Bat Men: Fire in Babylon

A New Film Sets the Story of Cricket's Record-Breaking All-Stars to a Bob Marley Soundtrack

Chronicling the West Indian cricket team’s explosion onto the international stage in the late 70s, Stevan Riley’s documentary Fire in Babylon profiles the panache-laden champions whose 15-year Test series winning streak changed the game forever. Initially derided in England as “calypso cricketers,” the team’s superhuman fast-bowlers soon earned themselves a more fearsome nickname: The Four Horsemen of the Apocalypse. “They gave cricket a sharp shot of adrenalin, flair and cool,” says Riley. “Suddenly it was a danger sport; English batsman were contorting and twisting to avoid lethal missiles that were flying close to 100mph.” Riley weaves his story using vintage footage and interviews with such legends as Sir Vivian Richards, also known as the “Master Blaster”, who is perhaps the only batsman to nonchalantly chew gum while collecting more runs than his opponents’ whole team. Soundtracked by reggae pioneers of the era like Bob Marley and Jimmy Cliff, the film delves beyond athleticism to examine a turbulent era of race riots and civil unrest, in which the West Indies team hijacked a sport brought to the islands by their former colonial masters, remolding it on their own terms.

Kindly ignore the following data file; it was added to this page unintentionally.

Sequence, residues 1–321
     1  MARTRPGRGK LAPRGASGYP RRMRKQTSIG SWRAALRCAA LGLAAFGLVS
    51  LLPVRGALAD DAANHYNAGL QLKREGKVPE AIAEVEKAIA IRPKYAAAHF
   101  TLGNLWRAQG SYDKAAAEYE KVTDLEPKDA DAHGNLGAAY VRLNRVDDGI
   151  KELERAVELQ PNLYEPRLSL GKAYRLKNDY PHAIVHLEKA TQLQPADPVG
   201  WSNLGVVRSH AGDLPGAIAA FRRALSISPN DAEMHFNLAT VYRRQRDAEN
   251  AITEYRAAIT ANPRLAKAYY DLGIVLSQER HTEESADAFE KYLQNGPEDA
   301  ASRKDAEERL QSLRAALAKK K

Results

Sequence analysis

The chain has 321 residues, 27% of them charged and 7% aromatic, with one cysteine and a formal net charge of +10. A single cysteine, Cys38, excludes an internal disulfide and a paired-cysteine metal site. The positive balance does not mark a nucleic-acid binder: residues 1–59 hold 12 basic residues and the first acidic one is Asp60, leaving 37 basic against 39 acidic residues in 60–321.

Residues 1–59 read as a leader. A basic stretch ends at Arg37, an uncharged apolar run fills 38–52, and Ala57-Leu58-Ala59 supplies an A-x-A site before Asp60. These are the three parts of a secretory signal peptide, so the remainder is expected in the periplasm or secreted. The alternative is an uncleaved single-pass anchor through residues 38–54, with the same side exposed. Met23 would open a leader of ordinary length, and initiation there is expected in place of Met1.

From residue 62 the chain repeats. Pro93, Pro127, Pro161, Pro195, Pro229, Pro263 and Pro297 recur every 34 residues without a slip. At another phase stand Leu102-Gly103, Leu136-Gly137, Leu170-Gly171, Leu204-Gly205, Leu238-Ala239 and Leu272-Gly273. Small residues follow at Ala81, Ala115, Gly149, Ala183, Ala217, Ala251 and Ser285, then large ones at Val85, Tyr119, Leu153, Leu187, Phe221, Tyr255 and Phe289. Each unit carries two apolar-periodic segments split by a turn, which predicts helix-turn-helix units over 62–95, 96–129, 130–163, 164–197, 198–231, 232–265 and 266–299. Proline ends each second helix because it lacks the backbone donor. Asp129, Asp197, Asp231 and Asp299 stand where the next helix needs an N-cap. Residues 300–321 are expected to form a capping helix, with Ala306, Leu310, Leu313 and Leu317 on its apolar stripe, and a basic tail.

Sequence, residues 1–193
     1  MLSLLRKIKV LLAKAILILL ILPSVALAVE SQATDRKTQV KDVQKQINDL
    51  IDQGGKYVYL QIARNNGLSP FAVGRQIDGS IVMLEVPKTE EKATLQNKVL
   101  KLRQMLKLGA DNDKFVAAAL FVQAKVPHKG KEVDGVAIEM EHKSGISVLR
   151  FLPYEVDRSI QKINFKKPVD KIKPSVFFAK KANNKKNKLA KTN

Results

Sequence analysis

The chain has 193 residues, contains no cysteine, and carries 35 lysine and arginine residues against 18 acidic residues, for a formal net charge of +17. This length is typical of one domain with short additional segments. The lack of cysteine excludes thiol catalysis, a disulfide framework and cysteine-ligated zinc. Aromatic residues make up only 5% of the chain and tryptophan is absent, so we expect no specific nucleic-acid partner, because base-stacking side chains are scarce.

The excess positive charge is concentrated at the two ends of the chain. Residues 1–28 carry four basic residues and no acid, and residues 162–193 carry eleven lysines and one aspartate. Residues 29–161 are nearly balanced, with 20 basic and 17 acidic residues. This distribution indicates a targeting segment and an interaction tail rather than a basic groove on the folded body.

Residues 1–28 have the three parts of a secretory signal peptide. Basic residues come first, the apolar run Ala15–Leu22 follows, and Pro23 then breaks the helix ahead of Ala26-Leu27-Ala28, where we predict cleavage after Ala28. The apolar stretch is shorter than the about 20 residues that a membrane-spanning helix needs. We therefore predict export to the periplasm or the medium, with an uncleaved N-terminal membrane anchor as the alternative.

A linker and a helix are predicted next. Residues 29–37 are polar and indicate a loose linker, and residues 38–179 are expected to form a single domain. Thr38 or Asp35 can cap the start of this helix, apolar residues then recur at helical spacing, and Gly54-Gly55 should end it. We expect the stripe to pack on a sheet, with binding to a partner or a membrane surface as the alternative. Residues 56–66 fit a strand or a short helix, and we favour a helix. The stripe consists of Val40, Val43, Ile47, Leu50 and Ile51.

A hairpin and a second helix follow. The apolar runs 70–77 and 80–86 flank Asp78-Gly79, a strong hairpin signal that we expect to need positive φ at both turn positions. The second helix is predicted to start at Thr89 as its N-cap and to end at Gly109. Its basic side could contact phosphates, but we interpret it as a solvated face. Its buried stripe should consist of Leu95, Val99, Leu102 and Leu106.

Fire in Babylon is out in the US tomorrow.


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